Law & Philosophy Curriculum

First Year: All 1L students take “Elements of the Law” in the Autumn Quarter. Unique to legal education at Chicago, “Elements of the Law” examines certain issues that occur in many different areas of the law and considers the relationship between these issues and comparable questions in other fields of thought, such as moral and political philosophy, economics, and political theory. In the Spring Quarter, 1L students may choose an elective; there are usually one or more philosophical offerings available.

Second and Third Year: There are a wide range of electives available to law students with philosophical interests during their second and third years of study.

The Law and Philosophy Workshop” is a year-long course offered every year by either Mr. Leiter and/or Ms. Nussbaum, sometimes in conjunction with the Law and Philosophy Fellow in residence at the Law School that year. The Workshop is organized around a particular topic or theme of interest to philosophers and legal scholars; recent Workshops have focused on coercion, practical reason, equality, privacy, autonomy, global justice, pluralism and toleration, war, and sexuality and the family. Faculty from the University of Chicago and other universities around the world present papers on that year’s theme to Workshop participants, and students have opportunities, both inside and outside the Workshop, for discussion with the speaker. The topic for 2008-09 is “Toleration and Religious Liberty,” and speakers will include Simon Blackburn, Susan Mendus, and Joseph Raz, as well as members of the Chicago faculty.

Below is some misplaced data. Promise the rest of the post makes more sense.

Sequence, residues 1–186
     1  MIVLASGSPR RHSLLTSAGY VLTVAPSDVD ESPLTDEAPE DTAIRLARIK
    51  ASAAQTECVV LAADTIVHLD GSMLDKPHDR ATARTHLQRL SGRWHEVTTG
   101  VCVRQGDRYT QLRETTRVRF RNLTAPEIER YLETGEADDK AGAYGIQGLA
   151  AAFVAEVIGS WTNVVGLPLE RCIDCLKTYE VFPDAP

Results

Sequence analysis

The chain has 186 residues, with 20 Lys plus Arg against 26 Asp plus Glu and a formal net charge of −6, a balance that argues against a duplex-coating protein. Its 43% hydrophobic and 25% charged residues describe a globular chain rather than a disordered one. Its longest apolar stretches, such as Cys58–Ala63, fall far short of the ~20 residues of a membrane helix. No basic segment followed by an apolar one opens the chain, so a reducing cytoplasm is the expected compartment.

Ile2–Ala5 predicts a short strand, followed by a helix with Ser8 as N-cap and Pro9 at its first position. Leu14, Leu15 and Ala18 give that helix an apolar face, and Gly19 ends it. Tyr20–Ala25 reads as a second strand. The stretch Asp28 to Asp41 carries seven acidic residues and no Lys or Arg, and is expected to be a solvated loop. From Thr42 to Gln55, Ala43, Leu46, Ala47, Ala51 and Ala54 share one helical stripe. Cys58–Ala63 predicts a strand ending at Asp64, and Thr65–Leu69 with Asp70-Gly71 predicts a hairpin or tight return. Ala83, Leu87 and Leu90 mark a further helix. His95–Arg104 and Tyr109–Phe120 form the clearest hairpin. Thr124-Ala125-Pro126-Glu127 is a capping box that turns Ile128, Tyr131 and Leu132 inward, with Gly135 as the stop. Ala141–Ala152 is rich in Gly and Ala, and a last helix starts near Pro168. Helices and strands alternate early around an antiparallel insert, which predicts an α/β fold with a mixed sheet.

“Jurisprudence I: The Nature of Law and Adjudication” is offered every year by Mr. Leiter, and, most years, he also offers “Jurisprudence II: Topics in Moral, Political, and Legal Theory.” Together, these courses cover the central issues in legal philosophy, including the relationship between law and morality, the duty to obey the law, and the nature of legal reasoning and judicial decision, as well as cognate topics such as the nature of meaning and interpretation (in law and elsewhere), the objectivity of law, free will and responsibility, liberty and its limits, conceptions of the just society and the good life, liberalism and illiberalism, and critical theories of society and law.

Mr. Green, Mr. Leiter, Ms. Nussbaum, Mr. Strauss, and Mr. Sunstein offer seminars on a regular basis on topics of interest to students of law and philosophy. Recent topics include “Constitutional Theory and Interpretation”; “Constitutionalism and Democracy”; “Education and Moral Psychology”; “Equality as a Political Value”; “Feminist Philosophy”; “Legal Reasoning”; “Legality and the Rule of Law”; “The Letters of Cicero and Seneca”; “Methodology in Jurisprudence”; “Mill”; “Nietzsche and Foucault: Morality, Self, and Society”; “Political Obligation and Civil Disobedience”; “Rawls and His Critics”; “Religion and the State”; and “Toleration: Its Justification and Limits.”